Introduction to Corporate Finance – edx.org: Geared towards those more serious about the world of business, this is a mandatory introductory finance course for all Columbia Business School MBA students. Students can expect to gain an understanding of such time-honored financial concepts as the value of money, cost of capital and capital budgeting. The four-week course requires a commitment of between three and four hours each week.

Managing My Money for Young Adults – Open.edu: Awarded the Young Money Financial Education Quality Mark, this program features eight easy-to-navigate sessions, each running between one and two hours. Filled with real case studies, step-by-step animations, short quizzes and practical tips, it guides young adults towards practices to make their money work harder and go farther.

Money Skills – MR University: Designed by two professors from George Mason University, this collection of 10 videos and exercises promises to ease novices into the nuances of managing personal finances in a little over an hour.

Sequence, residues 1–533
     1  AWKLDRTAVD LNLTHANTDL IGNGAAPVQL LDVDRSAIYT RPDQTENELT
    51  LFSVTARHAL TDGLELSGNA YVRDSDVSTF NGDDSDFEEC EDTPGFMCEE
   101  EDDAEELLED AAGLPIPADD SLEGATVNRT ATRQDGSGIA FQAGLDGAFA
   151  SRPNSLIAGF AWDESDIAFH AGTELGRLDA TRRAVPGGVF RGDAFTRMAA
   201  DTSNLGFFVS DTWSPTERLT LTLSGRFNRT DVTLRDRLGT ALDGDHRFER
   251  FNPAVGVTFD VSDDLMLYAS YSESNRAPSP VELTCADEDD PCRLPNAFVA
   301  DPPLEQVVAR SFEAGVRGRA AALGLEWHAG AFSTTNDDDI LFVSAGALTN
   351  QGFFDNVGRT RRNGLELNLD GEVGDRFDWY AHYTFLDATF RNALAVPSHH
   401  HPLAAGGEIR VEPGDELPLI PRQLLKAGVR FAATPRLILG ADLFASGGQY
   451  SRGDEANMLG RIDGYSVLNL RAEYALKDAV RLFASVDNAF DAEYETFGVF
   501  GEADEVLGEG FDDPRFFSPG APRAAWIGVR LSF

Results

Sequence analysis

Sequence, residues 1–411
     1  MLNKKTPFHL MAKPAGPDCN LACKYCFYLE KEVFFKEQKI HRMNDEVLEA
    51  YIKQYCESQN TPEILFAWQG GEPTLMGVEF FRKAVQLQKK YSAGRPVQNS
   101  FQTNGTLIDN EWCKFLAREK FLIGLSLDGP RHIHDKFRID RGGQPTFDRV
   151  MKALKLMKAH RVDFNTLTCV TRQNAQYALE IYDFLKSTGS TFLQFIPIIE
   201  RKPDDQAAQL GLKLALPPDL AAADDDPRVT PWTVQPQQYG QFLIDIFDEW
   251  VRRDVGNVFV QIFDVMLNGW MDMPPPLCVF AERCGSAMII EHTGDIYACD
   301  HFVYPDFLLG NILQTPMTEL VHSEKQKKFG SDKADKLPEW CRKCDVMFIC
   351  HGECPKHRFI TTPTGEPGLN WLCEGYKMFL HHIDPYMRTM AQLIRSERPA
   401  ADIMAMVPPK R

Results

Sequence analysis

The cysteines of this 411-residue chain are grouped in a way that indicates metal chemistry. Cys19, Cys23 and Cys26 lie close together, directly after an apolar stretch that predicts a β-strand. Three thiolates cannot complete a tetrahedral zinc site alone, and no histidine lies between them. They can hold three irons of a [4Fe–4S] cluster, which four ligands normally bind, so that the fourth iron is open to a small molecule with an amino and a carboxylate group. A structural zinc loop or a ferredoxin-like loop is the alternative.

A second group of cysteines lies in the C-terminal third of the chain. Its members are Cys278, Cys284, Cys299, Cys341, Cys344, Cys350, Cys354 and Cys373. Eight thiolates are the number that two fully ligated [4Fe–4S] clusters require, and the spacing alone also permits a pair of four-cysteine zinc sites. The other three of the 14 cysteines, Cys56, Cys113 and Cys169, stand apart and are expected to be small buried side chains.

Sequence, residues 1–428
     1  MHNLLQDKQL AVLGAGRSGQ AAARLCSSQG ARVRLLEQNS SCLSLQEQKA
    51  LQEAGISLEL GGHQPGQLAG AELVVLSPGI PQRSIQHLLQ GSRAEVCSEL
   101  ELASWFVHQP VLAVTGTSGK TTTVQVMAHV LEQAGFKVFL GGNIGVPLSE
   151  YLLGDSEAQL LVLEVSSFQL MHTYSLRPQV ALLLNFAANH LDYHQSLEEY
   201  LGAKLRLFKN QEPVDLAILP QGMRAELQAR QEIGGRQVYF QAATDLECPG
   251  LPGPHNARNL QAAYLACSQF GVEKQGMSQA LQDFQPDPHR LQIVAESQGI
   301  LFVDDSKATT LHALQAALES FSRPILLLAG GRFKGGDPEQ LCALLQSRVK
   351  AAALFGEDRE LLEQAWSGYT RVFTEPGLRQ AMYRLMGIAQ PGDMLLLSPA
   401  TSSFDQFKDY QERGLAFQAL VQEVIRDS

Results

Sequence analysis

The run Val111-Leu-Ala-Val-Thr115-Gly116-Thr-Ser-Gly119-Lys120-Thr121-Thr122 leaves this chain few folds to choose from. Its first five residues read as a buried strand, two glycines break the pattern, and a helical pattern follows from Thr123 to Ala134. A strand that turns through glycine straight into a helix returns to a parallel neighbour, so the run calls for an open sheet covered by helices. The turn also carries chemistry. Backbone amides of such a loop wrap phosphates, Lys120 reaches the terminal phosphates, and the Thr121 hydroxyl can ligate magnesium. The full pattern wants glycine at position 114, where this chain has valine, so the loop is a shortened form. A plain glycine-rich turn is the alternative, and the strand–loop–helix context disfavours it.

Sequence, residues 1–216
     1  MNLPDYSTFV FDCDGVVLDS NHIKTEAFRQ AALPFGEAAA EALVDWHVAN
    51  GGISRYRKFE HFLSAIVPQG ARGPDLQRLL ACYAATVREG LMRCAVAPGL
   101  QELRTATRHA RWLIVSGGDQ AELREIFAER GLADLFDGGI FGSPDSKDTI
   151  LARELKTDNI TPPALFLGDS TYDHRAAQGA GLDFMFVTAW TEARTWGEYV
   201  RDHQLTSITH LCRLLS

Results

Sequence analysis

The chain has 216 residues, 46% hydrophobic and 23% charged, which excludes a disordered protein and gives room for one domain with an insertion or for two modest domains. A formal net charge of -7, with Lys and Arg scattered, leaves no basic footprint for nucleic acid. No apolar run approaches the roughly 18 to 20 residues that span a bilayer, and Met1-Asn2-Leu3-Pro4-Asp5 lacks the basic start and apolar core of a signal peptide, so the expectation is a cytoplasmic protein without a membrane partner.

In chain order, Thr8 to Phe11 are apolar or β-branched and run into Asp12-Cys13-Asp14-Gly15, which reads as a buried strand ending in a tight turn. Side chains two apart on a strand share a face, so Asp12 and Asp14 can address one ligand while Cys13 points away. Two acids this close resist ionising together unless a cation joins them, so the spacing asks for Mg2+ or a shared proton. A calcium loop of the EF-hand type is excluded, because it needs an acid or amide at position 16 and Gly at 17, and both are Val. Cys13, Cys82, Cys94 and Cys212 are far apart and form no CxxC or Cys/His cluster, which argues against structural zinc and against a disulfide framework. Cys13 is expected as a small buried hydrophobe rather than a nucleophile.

Best free finance courses for professionals

Out in the world and looking to build a secure economic future? Here are a few suggestions for free online finance courses to start you off on the right foot.

Financial Literacy – Alison: Loaded with tricks and techniques to help you budget better, this course shows you ways to save, help you deal with debt and guide your insurance decisions. Plan to invest between six and 10 hours of your time.